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J Clin Oncol. 2019 Dec 6:JCO1901959. doi: 10.1200/JCO.19.01959. [Epub ahead of print]

Prognostic Impact of the 21-Gene Recurrence Score Assay Among Young Women With Node-Negative and Node-Positive ER-Positive/HER2-Negative Breast Cancer.

Author information

1
Dana-Farber Cancer Institute, Boston, MA.
2
Mayo Clinic, Rochester, MN.
3
Brigham and Women's Hospital, Boston, MA.
4
Beth Israel Deaconess Medical Center, Boston, MA.
5
Massachusetts General Hospital, Boston, MA.
6
Stanford University, Palo Alto, CA.
7
University of Colorado Cancer Center, Aurora, CO.
8
Sunnybrook Health Sciences Centre, Toronto, Ontario, Canada.
9
Genomic Health, Redwood City, CA.

Abstract

PURPOSE:

The 21-gene recurrence score (RS) assay is prognostic among women with early-stage estrogen receptor-positive (ER+) and human epidermal growth factor receptor 2-negative (HER2-) breast cancer and is used to inform recommendations for chemotherapy. Women ≤ 40 years of age represent a minority of patients studied using gene expression profiles.

METHODS:

The Young Women's Breast Cancer Study is a prospective cohort of women diagnosed with breast cancer at age ≤ 40 years and enrolled patients between 2006 and 2016 (N = 1,302). We identified patients with stage I-III ER+/HER2- breast cancer. The RS assay was performed on banked specimens for patients who had not been tested clinically. Distant recurrence-free survival (DRFS) was assessed by TAILORx and traditional RS risk groups among patients with axillary node-negative (N0) and limited node-positive (N1) breast cancer.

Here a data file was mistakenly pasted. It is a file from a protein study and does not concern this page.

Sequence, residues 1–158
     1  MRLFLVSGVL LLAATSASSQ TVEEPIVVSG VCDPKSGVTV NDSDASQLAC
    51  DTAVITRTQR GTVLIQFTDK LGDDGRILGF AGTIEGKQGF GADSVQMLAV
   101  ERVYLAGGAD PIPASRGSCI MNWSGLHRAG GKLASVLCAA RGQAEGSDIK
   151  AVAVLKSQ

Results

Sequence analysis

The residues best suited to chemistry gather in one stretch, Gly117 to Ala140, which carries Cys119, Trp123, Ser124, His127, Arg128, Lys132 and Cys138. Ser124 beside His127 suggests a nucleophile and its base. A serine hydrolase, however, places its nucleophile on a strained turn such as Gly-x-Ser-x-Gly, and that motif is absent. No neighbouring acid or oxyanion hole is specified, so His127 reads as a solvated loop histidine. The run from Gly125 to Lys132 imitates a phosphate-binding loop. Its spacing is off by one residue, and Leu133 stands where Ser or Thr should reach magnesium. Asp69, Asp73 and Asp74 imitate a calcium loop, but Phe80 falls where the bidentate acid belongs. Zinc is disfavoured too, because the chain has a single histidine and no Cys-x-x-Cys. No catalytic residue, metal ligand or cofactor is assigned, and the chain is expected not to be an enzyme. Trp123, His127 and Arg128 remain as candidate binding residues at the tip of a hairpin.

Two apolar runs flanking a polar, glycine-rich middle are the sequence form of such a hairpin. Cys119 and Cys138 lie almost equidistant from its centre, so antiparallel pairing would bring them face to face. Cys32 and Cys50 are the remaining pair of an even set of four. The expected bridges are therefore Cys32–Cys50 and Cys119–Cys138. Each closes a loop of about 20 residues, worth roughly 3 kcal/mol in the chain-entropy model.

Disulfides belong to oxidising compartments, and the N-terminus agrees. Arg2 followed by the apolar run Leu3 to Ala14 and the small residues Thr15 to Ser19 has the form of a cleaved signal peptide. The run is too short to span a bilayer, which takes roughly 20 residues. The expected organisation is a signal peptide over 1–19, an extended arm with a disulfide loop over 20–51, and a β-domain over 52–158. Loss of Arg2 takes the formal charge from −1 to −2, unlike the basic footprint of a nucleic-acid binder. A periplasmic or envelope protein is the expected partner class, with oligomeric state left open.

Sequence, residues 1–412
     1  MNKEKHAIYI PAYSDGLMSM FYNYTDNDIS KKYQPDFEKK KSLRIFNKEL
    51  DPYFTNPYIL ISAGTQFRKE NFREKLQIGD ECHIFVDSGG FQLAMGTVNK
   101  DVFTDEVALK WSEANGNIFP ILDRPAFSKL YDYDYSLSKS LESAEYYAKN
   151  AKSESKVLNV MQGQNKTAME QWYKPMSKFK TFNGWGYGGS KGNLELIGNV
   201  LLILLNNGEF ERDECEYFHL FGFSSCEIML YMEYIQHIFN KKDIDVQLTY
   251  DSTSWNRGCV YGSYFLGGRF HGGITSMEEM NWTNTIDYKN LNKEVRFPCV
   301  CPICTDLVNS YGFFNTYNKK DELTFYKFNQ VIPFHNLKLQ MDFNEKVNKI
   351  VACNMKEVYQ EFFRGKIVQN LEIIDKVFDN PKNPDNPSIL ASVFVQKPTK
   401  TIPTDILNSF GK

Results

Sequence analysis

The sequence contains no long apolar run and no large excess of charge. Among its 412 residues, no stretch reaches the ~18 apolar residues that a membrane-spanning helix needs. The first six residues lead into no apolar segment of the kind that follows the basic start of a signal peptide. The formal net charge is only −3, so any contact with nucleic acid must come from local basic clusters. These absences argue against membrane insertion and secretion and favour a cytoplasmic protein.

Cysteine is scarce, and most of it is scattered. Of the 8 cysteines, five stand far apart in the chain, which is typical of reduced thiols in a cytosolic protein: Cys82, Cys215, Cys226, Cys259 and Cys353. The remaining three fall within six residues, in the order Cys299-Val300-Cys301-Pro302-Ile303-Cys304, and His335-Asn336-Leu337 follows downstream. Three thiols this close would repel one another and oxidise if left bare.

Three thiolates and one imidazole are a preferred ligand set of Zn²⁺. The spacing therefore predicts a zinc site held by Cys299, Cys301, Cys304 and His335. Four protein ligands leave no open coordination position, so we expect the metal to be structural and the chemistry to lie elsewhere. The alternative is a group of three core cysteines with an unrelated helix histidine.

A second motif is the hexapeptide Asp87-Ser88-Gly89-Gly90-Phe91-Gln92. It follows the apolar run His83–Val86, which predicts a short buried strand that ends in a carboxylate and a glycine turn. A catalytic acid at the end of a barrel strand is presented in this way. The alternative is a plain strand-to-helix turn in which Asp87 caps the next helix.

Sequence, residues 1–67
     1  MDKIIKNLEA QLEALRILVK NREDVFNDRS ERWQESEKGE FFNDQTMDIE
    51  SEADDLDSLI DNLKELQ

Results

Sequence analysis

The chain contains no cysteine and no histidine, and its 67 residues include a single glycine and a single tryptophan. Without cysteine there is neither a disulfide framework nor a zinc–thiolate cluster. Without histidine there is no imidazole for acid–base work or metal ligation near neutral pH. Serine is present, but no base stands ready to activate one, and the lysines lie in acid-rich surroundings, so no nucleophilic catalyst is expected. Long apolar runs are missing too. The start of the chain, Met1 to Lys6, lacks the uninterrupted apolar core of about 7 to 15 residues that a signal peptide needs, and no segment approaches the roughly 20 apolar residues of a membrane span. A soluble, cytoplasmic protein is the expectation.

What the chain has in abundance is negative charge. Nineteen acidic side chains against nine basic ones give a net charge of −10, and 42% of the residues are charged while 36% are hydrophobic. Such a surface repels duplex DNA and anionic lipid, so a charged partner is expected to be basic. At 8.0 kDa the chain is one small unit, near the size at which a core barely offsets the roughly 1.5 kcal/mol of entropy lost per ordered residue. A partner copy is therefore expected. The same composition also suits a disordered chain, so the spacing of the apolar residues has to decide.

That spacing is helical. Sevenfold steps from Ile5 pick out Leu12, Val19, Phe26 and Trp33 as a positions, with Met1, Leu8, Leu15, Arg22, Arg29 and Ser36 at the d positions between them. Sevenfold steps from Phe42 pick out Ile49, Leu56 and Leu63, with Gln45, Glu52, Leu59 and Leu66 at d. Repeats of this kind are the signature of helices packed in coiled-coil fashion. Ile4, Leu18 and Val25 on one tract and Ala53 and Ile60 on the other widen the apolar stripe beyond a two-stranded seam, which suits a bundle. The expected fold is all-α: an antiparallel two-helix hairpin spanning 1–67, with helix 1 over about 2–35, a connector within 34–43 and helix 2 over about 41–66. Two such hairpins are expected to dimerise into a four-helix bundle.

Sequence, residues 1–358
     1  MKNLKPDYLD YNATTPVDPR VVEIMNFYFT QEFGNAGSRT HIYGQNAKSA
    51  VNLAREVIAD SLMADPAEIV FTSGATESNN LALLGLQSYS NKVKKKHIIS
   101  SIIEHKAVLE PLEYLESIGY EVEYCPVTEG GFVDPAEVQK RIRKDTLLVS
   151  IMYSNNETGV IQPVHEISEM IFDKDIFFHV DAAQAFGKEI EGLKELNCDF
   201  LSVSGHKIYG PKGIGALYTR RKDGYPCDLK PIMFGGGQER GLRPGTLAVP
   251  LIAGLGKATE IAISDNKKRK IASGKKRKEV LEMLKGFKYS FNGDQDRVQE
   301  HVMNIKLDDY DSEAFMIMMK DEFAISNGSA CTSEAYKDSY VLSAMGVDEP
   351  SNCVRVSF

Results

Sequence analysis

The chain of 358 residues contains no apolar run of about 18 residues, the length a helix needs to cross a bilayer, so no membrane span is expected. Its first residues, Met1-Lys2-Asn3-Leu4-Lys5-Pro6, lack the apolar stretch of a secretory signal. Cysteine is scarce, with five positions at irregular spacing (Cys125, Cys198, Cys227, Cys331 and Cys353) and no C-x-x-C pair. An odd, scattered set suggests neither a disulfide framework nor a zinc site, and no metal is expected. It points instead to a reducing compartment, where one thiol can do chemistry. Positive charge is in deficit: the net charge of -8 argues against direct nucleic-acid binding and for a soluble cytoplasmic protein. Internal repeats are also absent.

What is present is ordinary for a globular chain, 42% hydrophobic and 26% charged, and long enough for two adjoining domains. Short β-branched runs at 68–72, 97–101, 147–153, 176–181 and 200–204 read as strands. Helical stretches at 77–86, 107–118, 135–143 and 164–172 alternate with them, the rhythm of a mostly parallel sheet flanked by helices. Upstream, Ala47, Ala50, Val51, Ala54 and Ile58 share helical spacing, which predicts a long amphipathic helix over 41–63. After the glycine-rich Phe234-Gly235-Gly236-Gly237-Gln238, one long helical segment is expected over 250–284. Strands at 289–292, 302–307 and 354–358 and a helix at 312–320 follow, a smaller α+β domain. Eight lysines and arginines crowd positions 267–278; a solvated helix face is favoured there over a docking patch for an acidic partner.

RESULTS:

Among eligible women (N = 577), 189 (33%) had undergone RS testing, and 320 (56%) had banked specimens sufficient for testing. Median follow-up was 6.0 years. Median age at diagnosis was 37.2 years; 300 of 509 patients (59%) had N0 breast cancer, of whom 195 (65%) had an RS of 11-25 and fewer than half (86 of 195; 44%) received chemotherapy. Six-year DRFS rates were 94.4% and 92.3% (RS < 11), 96.9% and 85.2% (RS 11-25), and 85.1% and 71.3% (RS ≥ 26) among women with N0 and N1 disease, respectively.

CONCLUSION:

The RS assay is prognostic among young women with node-negative and limited node-positive breast cancer, representing a valuable tool for risk stratification. Disease outcomes with a median follow-up of 6 years among young women with N0 disease and an RS of 0-25, a minority of whom received chemotherapy, and node-positive disease with an RS < 11 were very good, whereas those with N0 disease and an RS ≥ 26 or N1 disease with an RS ≥ 11 experienced substantial risk of early distant recurrence.

PMID:
31809240
DOI:
10.1200/JCO.19.01959

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